The possibilities for fun and adventure in Alaska are endless. Below are some of the most popular tourist activities.
Get Up Close with Glaciers
Come see the truly ancient, enormous rivers of ice that sculpted Alaska's mountains and calving icebergs that hit the ocean with thunderous roars. How big are they? Often more than a mile wide and dozens of miles long. Alaska has so many glaciers that hundreds don't even have names.
– Glacier Day-cruise
– Simple glacier day hikes
– Kayaking in fjords
– Helicopter flightseeing
– View from the roadside
– Inside Passage/Gulf cruise
Take-Off for Flightseeing
Distinctively Alaskan, flightseeing by plane or helicopter is an ideal way to really feel the magnitude of Alaska. A variety of tours, excursions and charters are available, from 30-minute hops to full-day outings.
– Wrangell-St. Elias National Park, the largest national park in the U.S.
– The Inside Passage for views of forests, islands, glaciers and whales
– Glacier-landing tours
– Tours of Denali from Talkeetna
Watch the Wildlife
If you want to see wildlife, Alaska is the place to visit. Bald eagles gather by the hundreds. Moose cause traffic jams. Wild Dall sheep skip along roadside cliffs. State and national wilderness lands blanket the map.
– Flightseeing trips that specialize in wildlife viewing by air
– Drive to or visit likely areas - especially wildlife refuges or national parks
– Guided wildlife tours by motorcoach or bus
– Guided tours that specialize in bear viewing, whale watching or bird watching
– Guaranteed viewing and self-guided tours
– Alaska Wildlife Conservation Center
– Alaska SeaLife Center
– Anchorage Zoo
– Alaska Raptor Center
Get to Know Native Cultures
About 15 percent of Alaska's population is composed of distinct indigenous cultural groups, including Eskimo, Aleut, Indians and numerous subcultures. Alaska Natives are interested in sharing their cultural traditions with visitors. There are a number of venues that provide opportunities to interact with Native Alaskans, to learn about traditions, crafts, music and other cultural distinctions.
– Visit the Alaska Native Heritage Center in Anchorage
– Take a guided tour to Utqiagvik (Barrow), site of the Inupiat Heritage Center
– Go to the Alutiiq Museum and Archaeological Repository in Kodiak
– Join a tour to Kotzebue, featuring the Museum of the Arctic and Culture Camp
– Tour the famous Totem exhibits in Ketchikan
Explore Russian America
By the time America bought the Alaska Territory (for about 2 cents an acre), Russians had been living here for over 120 years. Sitka was the capital of Russian-America and Alaska's first state capital. The Russians also had headquarters in Kodiak and outposts all along the coastline. The strength of Alaska's Russian heritage is still visible in the onion-shaped domes of Russian Orthodox churches that rise above many Alaskan towns.
– Visit museums with exhibits exploring Russia's role in the span of Alaskan history
– Join historical tours in towns and regions with strong Russian connections
– Walk among old Russian buildings, and learn about Russian and Native cultures at the Sitka National Historical Park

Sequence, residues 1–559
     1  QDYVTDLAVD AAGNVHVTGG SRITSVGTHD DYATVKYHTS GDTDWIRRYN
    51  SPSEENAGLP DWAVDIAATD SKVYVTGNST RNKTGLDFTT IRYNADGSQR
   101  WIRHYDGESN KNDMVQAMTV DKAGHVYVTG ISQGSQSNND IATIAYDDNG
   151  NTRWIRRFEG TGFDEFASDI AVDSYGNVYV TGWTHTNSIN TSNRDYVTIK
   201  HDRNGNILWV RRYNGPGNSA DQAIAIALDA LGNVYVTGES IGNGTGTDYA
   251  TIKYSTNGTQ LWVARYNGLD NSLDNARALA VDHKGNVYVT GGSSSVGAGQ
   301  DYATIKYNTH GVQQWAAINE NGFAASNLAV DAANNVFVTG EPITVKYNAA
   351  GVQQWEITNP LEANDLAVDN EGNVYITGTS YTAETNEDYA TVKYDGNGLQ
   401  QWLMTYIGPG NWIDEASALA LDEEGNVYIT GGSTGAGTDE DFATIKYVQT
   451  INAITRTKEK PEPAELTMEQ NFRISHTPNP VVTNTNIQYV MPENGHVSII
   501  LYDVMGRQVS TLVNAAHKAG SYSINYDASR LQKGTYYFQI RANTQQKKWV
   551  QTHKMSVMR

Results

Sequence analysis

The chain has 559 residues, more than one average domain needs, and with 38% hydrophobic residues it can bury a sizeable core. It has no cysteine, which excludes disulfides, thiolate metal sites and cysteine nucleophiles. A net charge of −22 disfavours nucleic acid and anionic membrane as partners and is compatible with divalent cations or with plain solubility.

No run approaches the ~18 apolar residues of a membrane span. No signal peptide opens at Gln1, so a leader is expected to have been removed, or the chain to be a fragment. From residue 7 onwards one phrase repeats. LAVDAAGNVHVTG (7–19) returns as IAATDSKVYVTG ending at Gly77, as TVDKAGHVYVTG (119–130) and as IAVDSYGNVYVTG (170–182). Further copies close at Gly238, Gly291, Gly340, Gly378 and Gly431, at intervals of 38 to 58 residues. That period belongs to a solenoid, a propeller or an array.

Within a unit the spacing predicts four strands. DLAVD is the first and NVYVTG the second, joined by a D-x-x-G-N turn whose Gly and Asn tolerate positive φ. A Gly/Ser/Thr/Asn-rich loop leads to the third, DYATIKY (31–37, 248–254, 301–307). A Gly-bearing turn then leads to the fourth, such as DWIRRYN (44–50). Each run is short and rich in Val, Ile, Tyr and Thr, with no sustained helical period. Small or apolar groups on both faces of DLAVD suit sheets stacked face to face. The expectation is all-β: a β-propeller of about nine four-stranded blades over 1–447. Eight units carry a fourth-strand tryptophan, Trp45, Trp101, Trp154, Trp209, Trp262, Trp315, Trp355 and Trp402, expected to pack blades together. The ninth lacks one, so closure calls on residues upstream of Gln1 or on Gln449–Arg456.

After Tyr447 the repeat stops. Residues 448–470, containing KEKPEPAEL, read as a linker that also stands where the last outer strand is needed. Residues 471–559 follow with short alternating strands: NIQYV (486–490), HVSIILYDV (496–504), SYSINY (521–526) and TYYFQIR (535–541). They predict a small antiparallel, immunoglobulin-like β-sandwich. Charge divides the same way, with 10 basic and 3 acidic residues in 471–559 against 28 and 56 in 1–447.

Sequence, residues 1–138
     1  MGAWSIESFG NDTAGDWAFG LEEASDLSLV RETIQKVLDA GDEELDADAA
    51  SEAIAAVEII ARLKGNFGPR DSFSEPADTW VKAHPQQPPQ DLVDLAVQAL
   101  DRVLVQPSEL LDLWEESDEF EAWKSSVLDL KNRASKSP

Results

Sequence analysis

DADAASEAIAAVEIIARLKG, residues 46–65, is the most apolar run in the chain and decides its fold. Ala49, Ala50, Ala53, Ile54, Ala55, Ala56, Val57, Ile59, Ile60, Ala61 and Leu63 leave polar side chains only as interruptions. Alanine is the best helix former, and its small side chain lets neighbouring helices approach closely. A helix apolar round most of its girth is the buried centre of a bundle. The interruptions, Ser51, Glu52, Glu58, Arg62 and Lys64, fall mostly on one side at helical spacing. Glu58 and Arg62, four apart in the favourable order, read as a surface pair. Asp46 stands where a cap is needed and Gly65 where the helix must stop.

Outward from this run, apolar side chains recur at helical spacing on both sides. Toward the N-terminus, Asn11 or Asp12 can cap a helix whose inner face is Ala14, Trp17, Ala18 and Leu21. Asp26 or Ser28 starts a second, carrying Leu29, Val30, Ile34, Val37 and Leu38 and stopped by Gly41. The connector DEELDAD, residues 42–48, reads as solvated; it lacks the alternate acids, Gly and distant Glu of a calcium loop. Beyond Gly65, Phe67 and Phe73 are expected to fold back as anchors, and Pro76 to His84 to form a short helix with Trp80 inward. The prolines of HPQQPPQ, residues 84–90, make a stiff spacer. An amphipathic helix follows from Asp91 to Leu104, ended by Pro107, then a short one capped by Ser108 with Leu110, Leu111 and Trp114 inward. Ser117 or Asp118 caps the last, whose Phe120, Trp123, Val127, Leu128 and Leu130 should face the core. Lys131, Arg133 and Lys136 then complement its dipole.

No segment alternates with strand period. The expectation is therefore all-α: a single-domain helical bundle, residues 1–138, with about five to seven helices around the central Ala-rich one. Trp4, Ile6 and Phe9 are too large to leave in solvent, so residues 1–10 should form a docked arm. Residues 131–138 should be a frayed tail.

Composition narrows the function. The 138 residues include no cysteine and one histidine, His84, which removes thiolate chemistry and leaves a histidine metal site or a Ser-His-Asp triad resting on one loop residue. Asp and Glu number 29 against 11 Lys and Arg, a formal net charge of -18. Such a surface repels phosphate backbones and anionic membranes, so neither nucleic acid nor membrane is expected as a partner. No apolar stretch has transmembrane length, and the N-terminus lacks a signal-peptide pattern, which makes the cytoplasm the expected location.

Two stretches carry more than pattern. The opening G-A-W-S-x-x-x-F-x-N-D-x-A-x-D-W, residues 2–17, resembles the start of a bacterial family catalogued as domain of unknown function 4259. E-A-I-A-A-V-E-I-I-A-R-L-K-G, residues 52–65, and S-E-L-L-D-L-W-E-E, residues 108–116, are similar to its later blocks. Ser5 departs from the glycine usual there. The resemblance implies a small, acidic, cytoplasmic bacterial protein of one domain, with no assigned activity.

Visiting in winter will give you a distinctively Alaskan experience.
Activities that visitors often enjoy the most include:
– Watching the Iditarod Trail Sled Dog Race
– Anchorage Fur Rendezvous
– Fairbanks World Ice Art Championships
– Viewing the Northern Lights
– Dog sledding
– World-class downhill skiing, heli-skiing and cross-country skiing
– Yukon Quest Sled Dog Race
Explore the Wilderness
You can experience true Alaska wilderness during the day - and sleep in a warm comfortable bed at night. Guided trips and tours take you to a variety of remote (and not-so-remote) places, where you can enjoy almost any outdoor interest, from kayaking and river rafting, to fly fishing and bear watching.
– Consider day excursions if you don't have a lot of outdoor experience
– Try a wilderness lodge for remote adventure, combined with luxury accommodations
– Fly-out to a remote fishing lodge for a uniquely Alaskan experience
Catch Gold Fever
The lure of gold touched almost every corner of Alaska. Juneau is named for the prospector who started Alaska's first big gold rush. The towns of Skagway, Haines and Dyea offered gateways to the Klondike. Nome's golden sands beckoned tens of thousands.
– Join a ranger-guided walking tour through the restored buildings of the Klondike Gold Rush National Historical Park in Skagway
– Pan for gold in Juneau, Fairbanks, Girdwood and Nome
– Take a day-trip on the White Pass & Yukon Route Railway to experience gold-rush era travel
– Pan for gold or find some of the 44 abandoned gold dredges in Nome
Back to travel tips
– Reserve a Forest Service cabin and camp for the weekend
– Plan a personalized outdoor adventure with the Alaska Public Lands Information Center
– Drive the highways of the state, including several scenic byways, for the ultimate road trip
– Take the Alaska Marine Highway System ferry from port to port
– Explore the National and State Parks located throughout the state
– Be on the lookout for wildlife, including eagles, moose, whales, bears, Dall Sheep, caribou, lynx, musk oxen and mountain goats